Is it hot enough for you? Five of the hottest years on record have occurred in the last eight years. It’s not just temperature. This summer, the Mendocino Complex Fire became the largest in recorded California history. From simple increases in temperatures to complex feedback effects on ocean currents, weather patterns, and hydrological cycles, the consequences of human-driven climate change are no longer distant theoretical threats, but the subject of near-daily headline news. And yet far too many students are still not learning about this urgent problem in their science classrooms.
The consequences of global warming shouldn’t have come as a surprise. The recognition that carbon dioxide in the atmosphere keeps our planet warm dates back to the 19th century. As early as the 1950s, scientists warned that the release of carbon dioxide from fossil fuels would increase Earth’s temperature. In 1995, the international climate science community concluded that the impact of human activities on the climate was unequivocal.
Yet many Americans do not accept the scientific consensus that the world is warming owing to human activity. According to a March 2018 survey, only 58 percent of Americans agree that global warming is mostly human-caused. Alarmingly, public opinion is sharply divided along political lines: According to the same survey, 84 percent of liberal Democrats accept that climate change is caused mostly by human activities, compared to 26 percent of conservative Republicans.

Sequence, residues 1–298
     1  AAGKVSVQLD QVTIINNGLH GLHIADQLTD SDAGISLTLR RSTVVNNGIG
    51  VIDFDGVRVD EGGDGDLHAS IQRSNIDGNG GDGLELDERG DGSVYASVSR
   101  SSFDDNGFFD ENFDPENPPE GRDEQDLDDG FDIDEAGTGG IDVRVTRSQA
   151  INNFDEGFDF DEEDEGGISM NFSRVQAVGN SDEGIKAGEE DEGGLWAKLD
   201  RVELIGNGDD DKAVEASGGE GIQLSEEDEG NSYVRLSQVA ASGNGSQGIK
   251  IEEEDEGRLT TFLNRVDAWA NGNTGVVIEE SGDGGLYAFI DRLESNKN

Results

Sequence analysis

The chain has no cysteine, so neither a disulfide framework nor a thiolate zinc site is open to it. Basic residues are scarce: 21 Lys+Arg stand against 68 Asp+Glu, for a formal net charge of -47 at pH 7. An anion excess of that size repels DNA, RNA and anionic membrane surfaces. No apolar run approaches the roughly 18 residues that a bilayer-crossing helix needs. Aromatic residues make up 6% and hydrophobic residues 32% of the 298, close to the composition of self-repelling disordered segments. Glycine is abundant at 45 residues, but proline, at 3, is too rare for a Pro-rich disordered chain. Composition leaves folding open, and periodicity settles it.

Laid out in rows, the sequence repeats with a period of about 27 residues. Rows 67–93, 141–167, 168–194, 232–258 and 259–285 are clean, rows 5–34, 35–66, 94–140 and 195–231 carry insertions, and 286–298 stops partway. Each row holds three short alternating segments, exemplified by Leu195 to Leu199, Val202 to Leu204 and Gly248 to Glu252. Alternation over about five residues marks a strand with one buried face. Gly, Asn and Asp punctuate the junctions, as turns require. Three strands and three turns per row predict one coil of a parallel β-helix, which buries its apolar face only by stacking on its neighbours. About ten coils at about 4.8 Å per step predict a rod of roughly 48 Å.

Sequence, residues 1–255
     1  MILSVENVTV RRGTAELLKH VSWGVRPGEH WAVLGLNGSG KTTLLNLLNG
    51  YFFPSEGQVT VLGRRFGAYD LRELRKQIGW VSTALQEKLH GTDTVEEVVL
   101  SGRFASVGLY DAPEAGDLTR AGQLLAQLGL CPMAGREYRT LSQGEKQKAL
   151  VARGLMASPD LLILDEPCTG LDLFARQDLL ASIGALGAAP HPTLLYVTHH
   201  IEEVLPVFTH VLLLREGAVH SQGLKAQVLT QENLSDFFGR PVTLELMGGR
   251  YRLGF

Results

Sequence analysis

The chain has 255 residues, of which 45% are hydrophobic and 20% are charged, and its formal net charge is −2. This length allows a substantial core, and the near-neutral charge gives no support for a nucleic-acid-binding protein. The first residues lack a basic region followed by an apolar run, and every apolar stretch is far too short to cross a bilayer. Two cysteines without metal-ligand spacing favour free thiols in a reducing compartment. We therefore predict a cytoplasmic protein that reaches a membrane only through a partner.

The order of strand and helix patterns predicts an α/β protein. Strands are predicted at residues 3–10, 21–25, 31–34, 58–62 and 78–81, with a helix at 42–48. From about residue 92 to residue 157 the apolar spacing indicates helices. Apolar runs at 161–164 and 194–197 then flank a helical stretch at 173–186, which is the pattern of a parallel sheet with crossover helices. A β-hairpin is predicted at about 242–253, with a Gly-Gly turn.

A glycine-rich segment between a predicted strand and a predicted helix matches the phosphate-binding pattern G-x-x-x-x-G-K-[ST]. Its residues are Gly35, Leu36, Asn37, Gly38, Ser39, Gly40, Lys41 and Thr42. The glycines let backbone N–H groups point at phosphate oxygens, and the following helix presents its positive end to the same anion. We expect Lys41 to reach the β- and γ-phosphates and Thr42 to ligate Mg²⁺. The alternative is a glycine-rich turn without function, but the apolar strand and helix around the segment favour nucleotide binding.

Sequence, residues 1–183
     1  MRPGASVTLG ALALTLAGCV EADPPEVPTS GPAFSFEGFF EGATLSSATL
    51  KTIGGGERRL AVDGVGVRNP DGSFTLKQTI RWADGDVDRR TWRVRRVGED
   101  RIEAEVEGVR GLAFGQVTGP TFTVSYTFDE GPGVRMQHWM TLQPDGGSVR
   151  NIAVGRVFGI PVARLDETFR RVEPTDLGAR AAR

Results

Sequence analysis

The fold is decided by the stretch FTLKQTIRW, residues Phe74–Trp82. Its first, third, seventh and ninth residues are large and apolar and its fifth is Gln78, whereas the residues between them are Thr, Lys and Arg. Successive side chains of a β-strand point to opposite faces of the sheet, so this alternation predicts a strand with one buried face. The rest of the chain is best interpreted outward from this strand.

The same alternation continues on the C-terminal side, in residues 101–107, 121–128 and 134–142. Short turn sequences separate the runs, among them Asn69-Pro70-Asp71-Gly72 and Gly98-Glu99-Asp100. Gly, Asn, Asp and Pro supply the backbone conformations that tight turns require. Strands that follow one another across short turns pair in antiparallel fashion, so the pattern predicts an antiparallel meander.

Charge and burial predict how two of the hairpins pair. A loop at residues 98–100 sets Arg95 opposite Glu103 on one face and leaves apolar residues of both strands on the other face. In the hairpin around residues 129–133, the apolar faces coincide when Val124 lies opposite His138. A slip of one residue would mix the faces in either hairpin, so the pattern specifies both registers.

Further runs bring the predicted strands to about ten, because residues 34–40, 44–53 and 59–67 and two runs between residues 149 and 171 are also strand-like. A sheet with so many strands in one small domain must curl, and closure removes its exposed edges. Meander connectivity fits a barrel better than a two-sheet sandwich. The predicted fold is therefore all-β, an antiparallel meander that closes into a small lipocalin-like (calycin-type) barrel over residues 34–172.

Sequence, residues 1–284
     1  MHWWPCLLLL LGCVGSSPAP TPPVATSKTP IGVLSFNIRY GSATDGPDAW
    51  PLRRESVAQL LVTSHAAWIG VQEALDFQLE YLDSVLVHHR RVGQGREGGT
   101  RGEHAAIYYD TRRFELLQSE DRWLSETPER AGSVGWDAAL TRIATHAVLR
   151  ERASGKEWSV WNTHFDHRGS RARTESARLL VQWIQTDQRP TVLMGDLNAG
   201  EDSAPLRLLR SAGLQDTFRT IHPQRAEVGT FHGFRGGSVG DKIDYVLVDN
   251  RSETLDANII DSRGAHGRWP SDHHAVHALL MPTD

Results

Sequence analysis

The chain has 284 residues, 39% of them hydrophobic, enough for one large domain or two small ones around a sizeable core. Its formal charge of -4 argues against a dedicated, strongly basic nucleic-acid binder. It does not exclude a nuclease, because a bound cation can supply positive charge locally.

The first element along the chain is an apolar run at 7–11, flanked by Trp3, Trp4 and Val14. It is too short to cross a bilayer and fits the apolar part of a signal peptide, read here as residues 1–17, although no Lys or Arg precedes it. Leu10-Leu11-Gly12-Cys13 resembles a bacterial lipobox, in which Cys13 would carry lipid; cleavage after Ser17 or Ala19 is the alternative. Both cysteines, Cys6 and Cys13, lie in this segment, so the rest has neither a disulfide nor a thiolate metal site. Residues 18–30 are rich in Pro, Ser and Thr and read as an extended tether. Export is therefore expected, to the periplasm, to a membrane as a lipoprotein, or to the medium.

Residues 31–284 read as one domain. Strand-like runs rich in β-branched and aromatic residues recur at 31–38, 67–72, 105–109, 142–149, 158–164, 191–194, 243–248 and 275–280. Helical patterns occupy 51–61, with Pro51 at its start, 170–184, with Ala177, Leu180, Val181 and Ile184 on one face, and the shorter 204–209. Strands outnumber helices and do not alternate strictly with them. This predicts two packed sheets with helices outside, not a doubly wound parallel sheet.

The divergence between public opinion and scientific consensus on climate change is political also in its cause—the result, at least in part, of a well-funded campaign to dispute the scientific findings and discredit the climate science community, fueled by a toxic combination of ideology, politics, and corporate self-interest. Dismayingly, the campaign to cast doubt on the scientific evidence for human-caused climate change echoes loudly in our nation’s science classrooms.
In just the past three years, the legislatures in state after state—including Idaho, Iowa, Nebraska, New Mexico, and West Virginia—have launched attacks on the treatment of climate change in state science education standards. My organization, the National Center for Science Education, has worked with local educators, scientists, and concerned citizens to successfully thwart most of these attacks. Every year, we win battle after battle—but we see little sign that the war is over.
The campaign to dispute the scientific consensus has been effective even among those who are responsible for teaching the next generation about the nature of science and evidence. In the 2014–15 academic year, NCSE and researchers at Pennsylvania State University conducted a rigorous national survey asking secondary public school science teachers a series of detailed questions about what they know, and what they teach, about climate change.
When asked, “What proportion of climate scientists think that global warming is caused mostly by human activities?” only about 40 percent of the responding teachers chose the correct answer: 81 to 100 percent. It’s not surprising then that nearly 60 percent of teachers report encouraging their students to debate the causes of climate change—a topic no more scientifically controversial than photosynthesis.